... though Don Juan wished Don Quixote to read more of the book to see what it was all about, he was not to be prevailed upon, saying that he treated it as read and pronounced it utterly silly; and, if by any chance it should come to its author's ears that he had it in his hand, he did not want him to flatter himself with the idea that he had read it; for our thoughts, and still more our eyes, should keep themselves aloof from what is obscene and filthy.
- In the Lord Peter Wimsey novel Gaudy Night, Harriet attends a literary party, where a gang of authors take turns theorizing why some thoroughly arty and undeserving novel has been awarded a reviewer's prize — because of advertising deals, or political loyalties, or familial connections, or other underhand reasons. Naturally, none of them have actually read the book, or have the faintest idea what it's even about.
- The Daily Show:
- Robert Novak, frequent target of Take Thats due to his role in the Valerie Plame affair, was asked in an interview whether he'd ever seen The Daily Show or any of its material on him; he said no, then promptly went on to describe Jon as "self-righteous" and a "phony" and so forth. The old incident of Geraldo Rivera ranting to Bill O'Reilly about how TDS and TCR "exist in a small little place where they count for nothing" is most likely also an example, since he cited their supposed use of "video of old ladies slipping on ice and people laughing," which are not exactly Stewart and Colbert's stock in trade. (We would say these were in-universe examples, except y'know, it happened in this universe.)
- Jon Stewart also lampshaded this in regards to Noah, with FOX complaining about it using the word "Creator" instead of "God". Jon Stewart points out that in the movie, Noah's son says that the Creator is God. It is then taken a step further with some of their complaints showing that they must not have read the source material either.
- The Dick Van Dyke Show: In "Punch Thy Neighbor", a number of people criticize the most recent episode of The Alan Brady Show even though they haven't seen it, because Rob's next-door neighbor joked about it being rotten.
- In Newhart, the townspeople think Dick's do-it-yourself books helped a prison break. They get ready to do some Book Burning, but then Joanna convinces them to actually read his books. They see the books couldn't have told the prisoners how to escape, but the books are boring, so they almost burn the books for that reason. So this was a Zig-Zagged Trope.
- Siskel & Ebert: Whenever they report on groups protesting a controversial movie, such as The Last Temptation of Christ or Get on the Bus: They say the groups' criticisms are invalid if they haven't actually seen the movie in question (and in nearly all cases, they hadn't).
- The Goodies. In an episode spoofing Mary Whitehouse, the Goodies are hired to do a sex education video by 'Mrs. Carthorse'. Even though the subject is ludicrously Bowdlerised ("This is a man...and this isn't"), Carthorse calls for its banning the moment the title appears, because it has a dirty word ("gender") in it.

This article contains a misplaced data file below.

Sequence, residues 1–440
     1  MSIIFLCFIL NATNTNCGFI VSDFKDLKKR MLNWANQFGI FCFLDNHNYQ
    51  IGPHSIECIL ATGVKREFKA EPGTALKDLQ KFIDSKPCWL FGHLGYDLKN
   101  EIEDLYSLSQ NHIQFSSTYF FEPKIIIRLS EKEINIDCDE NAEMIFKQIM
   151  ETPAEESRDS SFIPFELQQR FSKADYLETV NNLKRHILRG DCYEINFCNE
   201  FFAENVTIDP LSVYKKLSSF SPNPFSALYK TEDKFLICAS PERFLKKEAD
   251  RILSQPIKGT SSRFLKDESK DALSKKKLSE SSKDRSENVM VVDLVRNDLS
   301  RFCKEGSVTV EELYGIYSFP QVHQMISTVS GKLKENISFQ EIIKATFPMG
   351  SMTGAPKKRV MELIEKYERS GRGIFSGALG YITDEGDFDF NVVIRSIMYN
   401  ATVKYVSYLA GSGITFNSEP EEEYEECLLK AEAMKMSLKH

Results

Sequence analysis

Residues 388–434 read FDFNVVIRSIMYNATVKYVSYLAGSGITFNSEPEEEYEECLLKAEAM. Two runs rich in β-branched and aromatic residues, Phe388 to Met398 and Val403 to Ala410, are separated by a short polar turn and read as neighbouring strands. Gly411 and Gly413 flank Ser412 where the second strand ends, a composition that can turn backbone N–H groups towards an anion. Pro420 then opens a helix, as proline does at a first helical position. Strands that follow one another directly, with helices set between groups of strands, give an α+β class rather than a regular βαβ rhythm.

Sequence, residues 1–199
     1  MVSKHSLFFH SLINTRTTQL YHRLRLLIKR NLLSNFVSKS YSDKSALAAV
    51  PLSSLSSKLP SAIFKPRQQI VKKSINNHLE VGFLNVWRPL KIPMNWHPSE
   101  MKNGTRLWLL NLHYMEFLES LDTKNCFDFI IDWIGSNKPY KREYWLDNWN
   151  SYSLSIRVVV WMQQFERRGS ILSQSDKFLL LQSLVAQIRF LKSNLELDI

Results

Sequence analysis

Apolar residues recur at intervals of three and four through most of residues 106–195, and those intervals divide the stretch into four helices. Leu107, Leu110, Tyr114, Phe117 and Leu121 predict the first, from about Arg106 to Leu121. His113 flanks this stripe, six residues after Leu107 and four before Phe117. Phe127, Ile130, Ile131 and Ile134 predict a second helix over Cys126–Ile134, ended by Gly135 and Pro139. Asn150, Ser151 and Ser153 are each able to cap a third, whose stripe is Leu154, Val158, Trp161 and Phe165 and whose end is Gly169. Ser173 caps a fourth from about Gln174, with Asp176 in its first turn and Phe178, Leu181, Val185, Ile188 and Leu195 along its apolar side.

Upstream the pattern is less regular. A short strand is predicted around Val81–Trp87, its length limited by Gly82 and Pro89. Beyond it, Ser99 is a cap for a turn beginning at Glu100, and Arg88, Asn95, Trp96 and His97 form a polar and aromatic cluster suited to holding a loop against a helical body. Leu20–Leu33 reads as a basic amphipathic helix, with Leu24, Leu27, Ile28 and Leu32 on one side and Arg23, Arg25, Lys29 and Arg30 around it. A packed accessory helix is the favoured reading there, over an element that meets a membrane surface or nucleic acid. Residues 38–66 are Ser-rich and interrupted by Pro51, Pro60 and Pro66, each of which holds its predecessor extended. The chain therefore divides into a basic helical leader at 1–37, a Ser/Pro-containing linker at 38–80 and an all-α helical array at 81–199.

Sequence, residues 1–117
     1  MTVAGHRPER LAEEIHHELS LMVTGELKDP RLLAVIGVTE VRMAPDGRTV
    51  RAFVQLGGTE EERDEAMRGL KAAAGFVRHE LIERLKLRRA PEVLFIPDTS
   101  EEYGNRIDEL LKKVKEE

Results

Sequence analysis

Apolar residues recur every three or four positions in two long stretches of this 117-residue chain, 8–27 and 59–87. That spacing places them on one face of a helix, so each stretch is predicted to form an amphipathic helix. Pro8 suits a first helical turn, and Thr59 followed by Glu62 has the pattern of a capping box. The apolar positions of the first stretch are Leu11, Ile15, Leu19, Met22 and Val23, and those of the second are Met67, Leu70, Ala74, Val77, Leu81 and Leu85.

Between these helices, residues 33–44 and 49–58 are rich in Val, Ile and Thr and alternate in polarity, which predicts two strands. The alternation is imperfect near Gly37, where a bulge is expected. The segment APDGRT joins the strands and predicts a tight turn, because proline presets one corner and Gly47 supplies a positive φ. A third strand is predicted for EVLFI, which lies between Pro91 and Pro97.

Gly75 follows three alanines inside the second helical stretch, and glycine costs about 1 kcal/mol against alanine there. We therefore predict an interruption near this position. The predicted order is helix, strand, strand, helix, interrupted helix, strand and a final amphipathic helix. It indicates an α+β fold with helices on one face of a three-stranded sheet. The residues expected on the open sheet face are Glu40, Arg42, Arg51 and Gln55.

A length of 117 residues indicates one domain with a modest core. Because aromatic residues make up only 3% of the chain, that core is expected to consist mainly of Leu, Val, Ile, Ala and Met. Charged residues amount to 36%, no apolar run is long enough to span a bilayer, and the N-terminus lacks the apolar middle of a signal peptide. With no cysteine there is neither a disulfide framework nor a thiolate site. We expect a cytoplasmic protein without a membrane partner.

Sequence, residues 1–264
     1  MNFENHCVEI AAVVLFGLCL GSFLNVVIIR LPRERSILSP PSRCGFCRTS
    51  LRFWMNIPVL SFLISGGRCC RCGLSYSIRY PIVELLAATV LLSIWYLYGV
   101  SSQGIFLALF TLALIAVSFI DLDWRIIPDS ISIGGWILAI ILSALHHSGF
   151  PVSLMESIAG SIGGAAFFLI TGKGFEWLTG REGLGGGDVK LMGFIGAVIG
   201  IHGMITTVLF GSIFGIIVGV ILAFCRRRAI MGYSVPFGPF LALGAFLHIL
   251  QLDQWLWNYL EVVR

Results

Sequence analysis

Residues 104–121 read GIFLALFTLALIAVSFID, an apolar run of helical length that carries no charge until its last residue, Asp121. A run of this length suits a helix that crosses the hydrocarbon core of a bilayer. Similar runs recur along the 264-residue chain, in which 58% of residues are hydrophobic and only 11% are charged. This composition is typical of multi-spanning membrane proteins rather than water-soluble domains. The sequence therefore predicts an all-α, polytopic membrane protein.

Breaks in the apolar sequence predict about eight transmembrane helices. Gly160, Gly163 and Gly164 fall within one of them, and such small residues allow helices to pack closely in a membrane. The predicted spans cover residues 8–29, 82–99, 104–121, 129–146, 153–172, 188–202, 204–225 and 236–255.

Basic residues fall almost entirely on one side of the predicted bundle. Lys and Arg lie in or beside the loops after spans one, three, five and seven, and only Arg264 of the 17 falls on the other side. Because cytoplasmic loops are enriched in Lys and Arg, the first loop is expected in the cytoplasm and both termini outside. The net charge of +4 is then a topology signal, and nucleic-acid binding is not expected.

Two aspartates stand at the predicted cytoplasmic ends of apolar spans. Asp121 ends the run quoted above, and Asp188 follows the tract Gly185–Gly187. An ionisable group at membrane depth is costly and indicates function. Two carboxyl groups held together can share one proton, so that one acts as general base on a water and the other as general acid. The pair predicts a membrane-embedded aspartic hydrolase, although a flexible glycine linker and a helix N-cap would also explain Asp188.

Goodies: You mean you're going to condemn our film without having seen it?
Carthorse: Why break the habit of a lifetime?!
- An episode of Psych has a minor character make fun of The Mentalist, something that Psych itself does occasionally, and then admit he's never actually seen it.
- The Twilight Zone episode "The Misfortune Cookie" starred a Caustic Critic who is introduced writing a bad review for a new Chinese restaurant that he has not even dined at yet. When he actually does visit the restaurant at the urging of his editor, all he does is order a massive amount of food (none of which he eats) before asking for the bill.
- In Dream Girl, Clark Redfield explains that he doesn't always read the books he reviews for newspapers, because he still gets to earn the "minimum wage for a maximum working week" guaranteed by his union contract and doesn't want to spend unnecessary time taxing his brain and his eyesight reading through thousands of pages of European history.
- Hyperdimension Neptunia Victory: The trophy you get for simply starting the game questions how many reviewers will actually have that trophy.
- Super Paper Mario features a Straw Fan as an Arc Villain, and at one point you have to get past the door via a true/false quiz. One "question" in that quiz is "I love going on message boards and complaining about games I've never played!"
- The gaming magazine GameBro in Homestuck gives a so-so review to the highly anticipated Sburb. It later turns out that the reviewer hadn't even touched it.
- Scrambled Eggs: Quint hates Jimmy Zoopie-Doo purely because of overexposure and his own lack of faith that teen singers can produce quality songs; the only Zoopie-Doo song he ever heard was a Gee cast member's cover, which to Quint's credit, has pretty awful lyrics.